Defining Roles and Responsibilities

Defining roles

The success of your sporting event relies largely on how well your team organises the event, both before the event, on the day and post event.

Most events are too large for just a few people to run; you will need a team to co-ordinate activities on the day and ensure the events run on time.

Briefing meetings should start in the months preceding the event, delegating across the team. There are many aspects of an event that organisers will need to take responsibility for.

Who is responsible for event planning?

Here are some common considerations for your sporting event:

Health & Safety

As part of keeping your attendees safe, it is vital to conduct a risk assessment to help make sure you have thought things through systematically. This is a key requirement of any insurer.

First Aid and Event Medical Cover

Somebody needs to be responsible for first aid on the day of your event. For larger events, you could ask a first aid organisation to provide event medical cover at your event. Ensure there is a visible first aid point and first aiders present throughout the event.

Transport

Help attendees by giving them transport information and also parking information. On the day, attendees may need help being led to a space in the car park. Attendees will find a space quicker and may be less agitated.

Access

Cater to disabled people by finding a venue that’s wheelchair accessible and provide a British Sign Language interpreter. Provide information prior to the event about accessibility, or invite people to contact you beforehand so you can cater to their needs.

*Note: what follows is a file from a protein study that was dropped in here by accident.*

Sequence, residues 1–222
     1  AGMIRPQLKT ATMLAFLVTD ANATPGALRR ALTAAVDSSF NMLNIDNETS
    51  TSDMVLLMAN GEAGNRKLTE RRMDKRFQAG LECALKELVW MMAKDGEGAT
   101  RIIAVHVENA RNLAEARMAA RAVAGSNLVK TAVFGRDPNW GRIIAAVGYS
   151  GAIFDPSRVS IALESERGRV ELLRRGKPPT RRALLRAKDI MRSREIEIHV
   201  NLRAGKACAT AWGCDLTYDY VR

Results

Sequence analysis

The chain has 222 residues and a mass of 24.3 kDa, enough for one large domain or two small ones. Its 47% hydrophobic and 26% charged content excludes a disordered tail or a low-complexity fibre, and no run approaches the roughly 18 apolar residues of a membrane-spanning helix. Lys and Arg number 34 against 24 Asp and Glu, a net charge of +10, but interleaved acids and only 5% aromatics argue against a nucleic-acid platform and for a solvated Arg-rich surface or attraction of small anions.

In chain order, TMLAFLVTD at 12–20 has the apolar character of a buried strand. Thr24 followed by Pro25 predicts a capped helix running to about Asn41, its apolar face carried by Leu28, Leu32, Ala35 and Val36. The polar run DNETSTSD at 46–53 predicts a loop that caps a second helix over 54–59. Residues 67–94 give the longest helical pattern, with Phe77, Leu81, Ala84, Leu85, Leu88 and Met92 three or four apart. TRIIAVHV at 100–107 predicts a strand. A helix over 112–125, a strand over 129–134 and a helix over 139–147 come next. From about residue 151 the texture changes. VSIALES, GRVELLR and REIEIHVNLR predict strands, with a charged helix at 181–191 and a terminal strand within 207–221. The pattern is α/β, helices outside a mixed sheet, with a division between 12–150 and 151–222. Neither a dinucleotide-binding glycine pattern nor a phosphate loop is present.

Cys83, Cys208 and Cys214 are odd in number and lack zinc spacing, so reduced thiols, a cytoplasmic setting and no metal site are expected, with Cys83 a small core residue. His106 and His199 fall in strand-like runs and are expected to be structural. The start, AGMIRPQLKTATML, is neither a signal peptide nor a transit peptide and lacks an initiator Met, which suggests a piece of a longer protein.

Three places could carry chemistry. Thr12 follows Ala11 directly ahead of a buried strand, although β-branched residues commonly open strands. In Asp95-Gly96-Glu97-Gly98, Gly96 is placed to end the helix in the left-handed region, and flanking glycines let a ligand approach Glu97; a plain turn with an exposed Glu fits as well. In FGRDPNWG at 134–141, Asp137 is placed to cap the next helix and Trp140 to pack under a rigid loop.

Children's Activities

If you have children’s activities, be clear whether you are providing supervision or whether parents need to supervise their own children.

Photography

If photographing or filming your event, create information signs so attendees know they might be photographed. You should also gain parental consent before photographing children.

Insurance

Take out public liability insurance to protect your sporting event attendees as well as yourselves.
It is also possible to insure against possible cancellation of the event, adverse weather cover, equipment cover and also Employers Liability to cover employees or volunteers at your event.

Promotion

To help increase the number of attendees, the event needs to be promoted. This can be done online and offline, with flyers and press releases in local and national publications.

Co-ordinating Events

On the day there may be more than one sporting event running. Who will be in charge of making sure these events are set up and will start on time?

Signage

Signs will help guide attendees on the day. These can be to highlight a number of things, such as the car park, event registration, toilets, first aid and where attendees should go to view events.

Pre-Registration and Registration

Somebody will need to manage who’s competing in events, which heat and how many people in an event. It is also beneficial to give atheletes competing in events an identification, such as a number to pin on their top, making it easier for judges to identify that athlete.

Staff

Staff responsibilities should be confirmed before the event, so on the day everyone knows where they should be and what they should be doing.

How will you manage the team?

Depending on the scale of the event and urgency of things, phone calls, group IM chats or walkie talkies can be used to communicate with your team. Several apps turn phones into walkie talkies, so if you don’t have walkie talkies already, you don’t need to invest.

Top Tip

If you only have a few members of staff at the event, enlist extra help by recruiting volunteers. Volunteers will get free entry to the event and also gain experience at working at events.

Did You Know?

  • Event team sizes are usually small, with 25% of solo event organisers and 37% working in groups of 2-3.
  • 19% of organisers were expecting to spend more on staffing at their events next year. 48% of all organisers looking to hire are seeking marketing and communications staff.
  • Professional event organisers spent the most on their event staffing, followed by SMEs. Charities had the smallest budget (no doubt due to their ability to attract large numbers of volunteers to help out).